In article      View Article
 
[7]  https://www.dietitians.ca/your-health/nutrition-a-z/vitamins/food-sources-of-vitamin-c.aspx.[Accessed Oct. 7, 2017]
In article      View Article
 
[8]  Bazzano, L.A., Thompso, A.M., Tees, M.T., Nguyen, C.H. and Winham, D.M, “Non-soy legume consumption lowers cholesterol levels: A meta-analysis of randomized controlled trials,” Nutrition, metabolism & cardiovascular diseases, 21. 94-103. 2011.
In article      View Article  PubMed
 
[9]  Brand-Williams, W., Cuvelier, M.E. and Berset, C, “Use of a free radical method to evaluate antioxidant activity,” Lebensmittel-Wissenschaft und Technologie, 28. 25-30. 1995.
In article      View Article
 
[10]  Miyashita, J., Nishi S., Saito Y., Koaze, H., Hironaka, K. and Kojima, M, “Annual variations in the anthocyanin contents of blueberry fruit grown in Hokkaido,” Research bulletin of Obihiro University of agriculture and veterinary medicine, 28. 35-40. 2007.
In article      
 
[11]  Swllappan, S. et al., “Phenolic compounds and antioxidant capacity of Georgia-grown blueberries and blackberries,” Journal of agricultural and food chemistry, 50 (8). 2432-2438. 2002.
In article      View Article
 
[12]  Eiichi, H, “Colorimetric determination of vitamin C in the preparations containing coloured substances,” Japan National hygienic laboratory, 12. 269-272. 1975.
In article      
 
[13]  http://www.naro.affrc.go.jp/project/results/laboratory/vegetea/2006/vegetea06-16.html.[Accessed Oct. 7, 2017]
In article      View Article
 
[14]  Tanaka, T., Yoshitake, N., Zhao, P., Matsuo, Y., Kouno, I. and Nonaka, G, “Production of oligomeric proanthocyanidins by fragmentation of polymers,” Japanese journal of food chemistry 14 (3). 134-139. 2007.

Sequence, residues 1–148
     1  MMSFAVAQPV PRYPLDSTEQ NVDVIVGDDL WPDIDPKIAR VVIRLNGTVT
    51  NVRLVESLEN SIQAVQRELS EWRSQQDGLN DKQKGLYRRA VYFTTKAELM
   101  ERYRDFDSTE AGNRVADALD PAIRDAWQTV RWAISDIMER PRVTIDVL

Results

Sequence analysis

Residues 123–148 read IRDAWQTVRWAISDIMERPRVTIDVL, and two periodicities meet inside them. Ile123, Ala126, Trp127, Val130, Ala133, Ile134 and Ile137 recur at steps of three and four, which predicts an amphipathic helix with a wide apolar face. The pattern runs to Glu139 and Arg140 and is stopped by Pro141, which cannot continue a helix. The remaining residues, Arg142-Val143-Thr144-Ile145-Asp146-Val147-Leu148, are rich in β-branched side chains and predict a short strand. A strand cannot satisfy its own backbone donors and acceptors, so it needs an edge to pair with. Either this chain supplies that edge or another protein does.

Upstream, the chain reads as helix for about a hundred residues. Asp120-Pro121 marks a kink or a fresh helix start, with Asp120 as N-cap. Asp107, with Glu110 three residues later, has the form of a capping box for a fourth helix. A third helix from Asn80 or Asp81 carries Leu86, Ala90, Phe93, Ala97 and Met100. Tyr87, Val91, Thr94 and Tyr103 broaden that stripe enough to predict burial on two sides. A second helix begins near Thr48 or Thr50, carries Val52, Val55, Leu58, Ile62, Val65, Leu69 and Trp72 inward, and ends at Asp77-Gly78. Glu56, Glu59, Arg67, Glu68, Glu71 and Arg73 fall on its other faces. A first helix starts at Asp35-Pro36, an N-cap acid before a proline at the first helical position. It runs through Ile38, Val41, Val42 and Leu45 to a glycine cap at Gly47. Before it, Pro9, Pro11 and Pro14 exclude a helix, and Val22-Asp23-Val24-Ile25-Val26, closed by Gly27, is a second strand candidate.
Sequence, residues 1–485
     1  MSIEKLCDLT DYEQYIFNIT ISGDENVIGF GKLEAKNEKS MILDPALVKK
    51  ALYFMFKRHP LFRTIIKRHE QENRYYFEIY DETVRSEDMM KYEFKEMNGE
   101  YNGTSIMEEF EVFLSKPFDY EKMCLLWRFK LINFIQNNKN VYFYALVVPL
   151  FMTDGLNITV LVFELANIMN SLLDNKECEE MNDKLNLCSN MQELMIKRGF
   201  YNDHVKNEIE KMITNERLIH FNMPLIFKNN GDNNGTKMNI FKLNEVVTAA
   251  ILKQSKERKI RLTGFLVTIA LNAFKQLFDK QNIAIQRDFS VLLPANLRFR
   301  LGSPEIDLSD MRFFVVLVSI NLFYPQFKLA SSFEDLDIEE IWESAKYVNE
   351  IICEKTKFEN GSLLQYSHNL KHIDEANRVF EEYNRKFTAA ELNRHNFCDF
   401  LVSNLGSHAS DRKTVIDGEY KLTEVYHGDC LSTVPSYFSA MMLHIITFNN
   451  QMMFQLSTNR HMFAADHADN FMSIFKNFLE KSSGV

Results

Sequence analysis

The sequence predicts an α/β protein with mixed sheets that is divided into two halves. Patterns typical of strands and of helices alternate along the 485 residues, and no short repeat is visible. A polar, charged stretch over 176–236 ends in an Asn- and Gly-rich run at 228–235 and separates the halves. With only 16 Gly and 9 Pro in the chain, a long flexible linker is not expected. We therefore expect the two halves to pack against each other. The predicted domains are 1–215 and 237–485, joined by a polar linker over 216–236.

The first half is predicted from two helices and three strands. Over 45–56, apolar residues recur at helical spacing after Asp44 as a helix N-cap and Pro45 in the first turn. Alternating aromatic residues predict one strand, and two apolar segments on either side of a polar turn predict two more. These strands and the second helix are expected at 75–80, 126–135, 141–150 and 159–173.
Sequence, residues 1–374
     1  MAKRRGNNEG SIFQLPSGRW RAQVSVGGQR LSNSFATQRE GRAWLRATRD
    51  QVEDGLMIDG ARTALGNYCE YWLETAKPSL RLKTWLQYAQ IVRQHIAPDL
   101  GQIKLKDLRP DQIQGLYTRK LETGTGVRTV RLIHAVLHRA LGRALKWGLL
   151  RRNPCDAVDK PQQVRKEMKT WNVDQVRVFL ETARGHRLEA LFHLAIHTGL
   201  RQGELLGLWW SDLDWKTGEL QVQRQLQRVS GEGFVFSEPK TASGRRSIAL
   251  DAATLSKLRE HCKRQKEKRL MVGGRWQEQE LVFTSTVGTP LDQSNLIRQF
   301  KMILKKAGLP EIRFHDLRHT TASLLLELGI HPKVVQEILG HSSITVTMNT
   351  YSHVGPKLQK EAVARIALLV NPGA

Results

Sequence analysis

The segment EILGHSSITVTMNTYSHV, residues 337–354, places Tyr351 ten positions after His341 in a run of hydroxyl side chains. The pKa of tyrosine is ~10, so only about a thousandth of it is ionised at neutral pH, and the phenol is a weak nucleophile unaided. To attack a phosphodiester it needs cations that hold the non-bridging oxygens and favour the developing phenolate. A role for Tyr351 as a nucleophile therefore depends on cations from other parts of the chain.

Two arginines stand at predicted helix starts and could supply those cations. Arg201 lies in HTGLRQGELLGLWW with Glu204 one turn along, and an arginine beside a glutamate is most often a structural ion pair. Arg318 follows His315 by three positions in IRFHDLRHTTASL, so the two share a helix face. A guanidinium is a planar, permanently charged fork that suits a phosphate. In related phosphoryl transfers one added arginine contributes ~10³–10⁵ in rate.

In article      
 
[15]  Chaurasia, S. and Saxena, R, “Evaluation of total phenol and flavonoid content, antioxidant and iron chelation activities of ethanolic extracts of green beans,” American journal of pharmtech research, 4 (3). 2014.
In article      View Article
 
[16]  Gil, M.I., Tomás-Barberán, F.A., Hess-Pierce, B. and Kader, A.A, “Antioxidant capacities, phenolic compounds, carotenoids, and vitamin c contents of nectarine, peach, and plum cultivars from California,” Journal of agricultural and food chemistry, 50. 4976-4982. 2002.
In article      View Article  PubMed
 
[17]  Kalt, W., Forney, C. F., Martin, A. and Prior, R. L, “Antioxidant capacity, vitamin C, phenolics and anthocyanins after fresh storage of small fruits,” Journal of agricultural and food chemistry, 47. 4638-4644. 1999.
In article      View Article  PubMed
 
[18]  Murillo, E., Britton, G. B. and Durant, A. A, “Antioxidant activity and polyphenol content in cultivated and wild edible fruits grown in Panama,” Journal of pharmacy and bioallied sciences, 4(4). 313-317. 2012.
In article      View Article  PubMed
 
[19]  Saito, Y., Nishi, S., Koaze, H., Hironaka, K. and Kojima, M, “Antioxidant and inhibitory activity on α-amylase and α-glucosidase in legume polyphenols,” Nippon shokuhin kagaku kogaku kaishi, 54 (12). 563-567. 2007.
In article      View Article
 
[20]  Bravo, L, “Polyphenols: chemistry, dietary sources, metabolism, and nutritional significance,” Nutrition reviews, 56 (11). 317-333. Nov. 1998.
In article      View Article  PubMed
 
[21]  Jin, L., Ozga, J.A., Lopes-Lutz, D., Schieber, A. and Reinecke, D.M, “Characterization of proanthocyanidins in pea (Pisum sativum L.), lentil (Lens culinaris L.) and faba bean (Vicia faba L.) seeds,” Food research international, 46 (2). 528-535. 2012.
In article      View Article
 
[22]  Sentandreu, E., Navarro, J.L. and Sendro, J.M, “Identification of new coloured anthocyanin-flavanol adducts in pressure-extracted pomegranate (punica granatum L.) juice by HPLC/ESI mass spectrometry,” Food analytical methods, 5. 702-709. 2012.
In article      View Article
 
[23]  Dueñas, M., Martínez-Villaluenga, C., Limón, R.I., Peñas, E. and Frias, J, “Effect of germination and elicitation on phenolic composition and bioactivity of kidney beans,” Food research international, 70. 55-63. 2015.
In article      View Article
 
[24]  Djeridane, A., Yousfi, M., Nadjemi, B., Boutassouna, D., Stocker P. and Vidal N, “Antioxidant activity of some Algerian medicinal plants extracts containing phenolic compounds,” Food chemistry, 97. 654-660. 2006.
In article      View Article
 
[25]  http://naturalchemistry.utu.fi/research/qualitative-analysis/uv-spectra-of-polyphenols/.[Accessed Oct. 7, 2017]
In article      View Article